Washington (CNN) – You know the debt ceiling debate has reached a new level of intensity when former House Speaker Newt Gingrich starts reminiscing about his 1995 government shutdown negotiations with former President Bill Clinton.
On Tuesday, the Republican presidential candidate told New Hampshire radio station WNTK, "Bill Clinton was, in the end, willing to be practical ... We were able to sit down, face-to-face, and negotiate a deal. He really was so much further to the center than President Obama is, and he was so much more flexible than President Obama. I don't think there's any comparison of the environment."
Gingrich continued, "I think President Obama's trying to impose a very radical vision of America, and I think the result has been that is has been very hard to negotiate with him because as you watched him again last night, he basically says over and over again, 'I want what I want and I want what I want now. And I'm not going to accept anything except what I want,' and you can't govern the country by dictating terms like that. You've got to find some way to work together and define a common ground."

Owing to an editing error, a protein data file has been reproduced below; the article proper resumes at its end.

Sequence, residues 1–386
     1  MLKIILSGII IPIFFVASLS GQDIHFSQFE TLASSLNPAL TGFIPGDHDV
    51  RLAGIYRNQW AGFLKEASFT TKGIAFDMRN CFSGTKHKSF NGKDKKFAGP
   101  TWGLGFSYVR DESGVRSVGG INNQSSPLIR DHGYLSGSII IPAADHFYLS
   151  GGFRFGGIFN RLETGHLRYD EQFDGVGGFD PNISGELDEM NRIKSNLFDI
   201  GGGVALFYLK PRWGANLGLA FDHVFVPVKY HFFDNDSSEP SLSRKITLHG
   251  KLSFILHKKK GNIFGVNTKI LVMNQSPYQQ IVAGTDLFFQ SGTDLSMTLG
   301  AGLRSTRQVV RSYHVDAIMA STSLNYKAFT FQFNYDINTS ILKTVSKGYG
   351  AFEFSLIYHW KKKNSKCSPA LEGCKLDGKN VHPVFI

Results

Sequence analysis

But Gingrich 's comments from 1995 reflect similar frustration with then-President Clinton. He complained repeatedly about Clinton choosing to play golf rather than engaging in negotiations and for Clinton hanging up the phone on Gingrich. Gingrich also faulted Clinton as "left-wing," for seeming "to hate working," as a failed leader and for contributing to "stalemate."
Also sixteen years ago, Gingrich said Clinton "deliberately frightens senior citizens" and "deliberately misinforms the American people." Another recurrent Gingrich theme was of Clinton "systematically" misleading the electorate.
Back then, Gingrich also sounded off on the difficulty of landing in-person meetings to negotiate with Clinton. At a November 1995 news conference, he said, "I don't know how you communicate and negotiate with somebody who hides behind their spokesman and who refuses to sit down in a meeting and negotiate in an open way."
In the end, Gingrich accomplished many of the policy goals he put forward in the "Contract With America" and President Clinton won re-election.
Last night on CNN's "John King, USA," Clinton friend and 1992 campaign strategist James Carville responded to Gingrich's new comments on Clinton.
"I'm sort of enamored that Newt Gingrich is now professed love for Bill Clinton when he was trying to run him out of office and was encouraging the $85 million spent to try to have a criminal prosecution against him," Carville said. "It's like, come on, Newt. Don't you know that we remember that kind of stuff? Please."